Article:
Toney anxious to bring great rodeo back to his hometown

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LAMONI, Iowa – There’s something about the rodeo dust on the rodeo trail that gets into a cowboy’s blood.

That’s the life Talton Toney lives, whether it’s on his place just north of Lamoni or while producing bull ridings, barrel races and rodeos throughout the Midwest. It’s a lifestyle, too, and something Toney carries proudly with his wife, Terri, and their children.

“This is what I love to do,” said Toney, who operates T&C Rodeo Co. with his wife.

Together with partners from throughout the community, T&C Rodeo is producing the fourth annual Lamoni Bulls & Barrels Bash beginning at 7 p.m. Sunday, May 29. The bull riding will be sanctioned by the Crossroads Pro Rodeo Association, and the barrel racing will be sanctioned by the Women’s Professional Rodeo Association. That just adds to the excitement, because an event like this will draw the very best in the business to south central Iowa.

“We try to put on the best show possible in Lamoni, since it’s my hometown,” said Toney, who has partnered with several local businesses in producing this year’s festivities. “It’s great that American State Bank has stepped on board with us this year, along with the Lamoni Livestock Auction, Bank of the West and KAAN, the radio station out of Bethany. We’ve also had a long relationship with Pettijohn Auto Center in Bethany, which is part of the Ram Rodeo program.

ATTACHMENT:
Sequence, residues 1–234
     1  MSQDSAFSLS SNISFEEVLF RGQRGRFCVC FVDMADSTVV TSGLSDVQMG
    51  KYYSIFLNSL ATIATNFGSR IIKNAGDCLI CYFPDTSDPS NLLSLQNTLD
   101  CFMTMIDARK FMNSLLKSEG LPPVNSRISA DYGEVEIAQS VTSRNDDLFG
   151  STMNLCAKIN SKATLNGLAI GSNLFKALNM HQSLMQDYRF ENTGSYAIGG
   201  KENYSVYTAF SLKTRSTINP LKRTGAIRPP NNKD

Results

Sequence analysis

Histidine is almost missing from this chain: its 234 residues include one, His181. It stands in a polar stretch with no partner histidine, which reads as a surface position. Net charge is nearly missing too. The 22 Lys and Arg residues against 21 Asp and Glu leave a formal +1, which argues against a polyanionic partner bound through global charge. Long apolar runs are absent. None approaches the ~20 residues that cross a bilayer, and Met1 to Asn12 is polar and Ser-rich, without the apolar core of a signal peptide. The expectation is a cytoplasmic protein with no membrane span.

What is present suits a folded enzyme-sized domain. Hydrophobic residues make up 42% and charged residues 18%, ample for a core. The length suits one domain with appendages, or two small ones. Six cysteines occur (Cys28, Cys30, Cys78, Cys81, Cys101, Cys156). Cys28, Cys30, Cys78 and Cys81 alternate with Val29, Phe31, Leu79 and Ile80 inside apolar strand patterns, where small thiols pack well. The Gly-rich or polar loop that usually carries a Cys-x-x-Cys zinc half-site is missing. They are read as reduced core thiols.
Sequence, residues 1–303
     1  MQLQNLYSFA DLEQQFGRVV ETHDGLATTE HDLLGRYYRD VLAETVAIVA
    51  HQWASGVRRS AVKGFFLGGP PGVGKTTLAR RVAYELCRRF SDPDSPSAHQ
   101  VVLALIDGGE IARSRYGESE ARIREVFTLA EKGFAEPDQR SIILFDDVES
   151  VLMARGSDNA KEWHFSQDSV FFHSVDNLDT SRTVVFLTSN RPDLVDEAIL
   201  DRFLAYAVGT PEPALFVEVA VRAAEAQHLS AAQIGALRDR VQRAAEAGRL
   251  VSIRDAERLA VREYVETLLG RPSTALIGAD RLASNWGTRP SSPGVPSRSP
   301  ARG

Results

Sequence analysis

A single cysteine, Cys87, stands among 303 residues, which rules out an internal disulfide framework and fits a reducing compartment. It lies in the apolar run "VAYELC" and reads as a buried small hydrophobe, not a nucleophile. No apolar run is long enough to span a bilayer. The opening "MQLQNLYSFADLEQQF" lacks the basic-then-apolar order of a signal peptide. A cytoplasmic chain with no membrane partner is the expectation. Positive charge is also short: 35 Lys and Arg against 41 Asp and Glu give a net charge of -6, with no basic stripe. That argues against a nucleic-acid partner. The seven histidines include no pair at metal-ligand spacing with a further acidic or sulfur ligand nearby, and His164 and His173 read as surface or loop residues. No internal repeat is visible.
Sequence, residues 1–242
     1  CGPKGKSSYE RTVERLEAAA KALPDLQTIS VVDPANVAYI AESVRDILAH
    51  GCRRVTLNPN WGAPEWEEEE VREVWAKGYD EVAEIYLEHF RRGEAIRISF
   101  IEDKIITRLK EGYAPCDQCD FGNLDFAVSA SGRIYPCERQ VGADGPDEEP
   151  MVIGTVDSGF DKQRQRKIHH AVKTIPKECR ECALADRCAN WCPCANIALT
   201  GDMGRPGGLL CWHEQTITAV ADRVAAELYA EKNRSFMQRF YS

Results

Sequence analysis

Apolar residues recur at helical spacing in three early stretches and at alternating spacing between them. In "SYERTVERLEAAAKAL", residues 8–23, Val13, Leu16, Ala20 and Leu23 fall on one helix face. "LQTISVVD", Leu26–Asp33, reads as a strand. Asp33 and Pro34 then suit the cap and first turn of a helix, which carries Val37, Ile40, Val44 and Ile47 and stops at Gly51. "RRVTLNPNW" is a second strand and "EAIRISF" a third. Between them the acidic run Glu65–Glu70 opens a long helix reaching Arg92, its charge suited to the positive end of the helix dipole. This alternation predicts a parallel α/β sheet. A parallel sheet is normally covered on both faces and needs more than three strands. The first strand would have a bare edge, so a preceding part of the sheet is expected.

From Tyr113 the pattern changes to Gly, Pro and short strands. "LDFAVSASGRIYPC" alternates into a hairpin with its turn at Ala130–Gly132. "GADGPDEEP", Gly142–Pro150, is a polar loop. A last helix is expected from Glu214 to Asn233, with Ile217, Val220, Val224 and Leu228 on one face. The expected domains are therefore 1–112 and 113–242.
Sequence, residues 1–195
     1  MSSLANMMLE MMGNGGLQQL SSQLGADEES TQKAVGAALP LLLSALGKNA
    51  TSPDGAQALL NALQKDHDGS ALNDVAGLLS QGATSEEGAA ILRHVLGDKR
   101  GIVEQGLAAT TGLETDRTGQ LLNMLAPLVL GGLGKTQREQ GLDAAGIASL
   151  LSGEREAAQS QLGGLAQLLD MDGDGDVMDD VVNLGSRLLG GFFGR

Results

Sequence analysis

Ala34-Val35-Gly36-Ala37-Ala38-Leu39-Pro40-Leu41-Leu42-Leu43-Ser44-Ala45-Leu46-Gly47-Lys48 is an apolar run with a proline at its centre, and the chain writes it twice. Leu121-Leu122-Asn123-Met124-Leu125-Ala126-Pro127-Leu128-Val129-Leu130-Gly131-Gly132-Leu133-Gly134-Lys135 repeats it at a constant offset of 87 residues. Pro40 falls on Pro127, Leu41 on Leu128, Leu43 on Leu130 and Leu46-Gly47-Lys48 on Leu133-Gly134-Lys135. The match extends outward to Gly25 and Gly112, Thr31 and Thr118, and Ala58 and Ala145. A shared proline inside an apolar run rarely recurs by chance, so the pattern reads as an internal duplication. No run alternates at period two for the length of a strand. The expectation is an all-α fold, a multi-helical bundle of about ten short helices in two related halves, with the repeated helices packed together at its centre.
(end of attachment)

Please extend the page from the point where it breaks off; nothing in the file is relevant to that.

“We’ve got several other local organizations that will be part of the program, and I’m excited to have them all on board.”

The focus of the entertainment package will be the dangerous bull riding action inside the arena, where 140-pound cowboys try to match their skills against some of the most ruthless bucking beasts in the land. In addition, the Lamoni Bulls & Barrels Bash will feature the extreme speed of WPRA barrel racing, where cowgirls will circle the cloverleaf pattern horseback in mind-altering speeds. The fastest run wins.

This is all the creation of Toney, who began his rodeo career nearly 30 years ago riding steers. In fact, he was a champion steer rider, an event set for the youth who hope to ride bucking bulls and horses as they grow older. That’s just what Toney did.

“I rode bulls and bareback horses, and I started in 1991,” he said. “Then I got hurt, stepped on. I took some time off because I was expected to have a liver transplant, then the liver started heeling itself so I didn’t have to have one.”

Toney was also involved in a horrific car wreck in 1993 that put him in a coma for 10 days. He bounced back from it all and competed in rodeo until three years ago.

“I won a lot of rodeos but never won any year-end titles,” Toney said. “But when you’re around rodeo, you see what makes it special. That’s what I want to bring to our events, especially the one in my hometown.”


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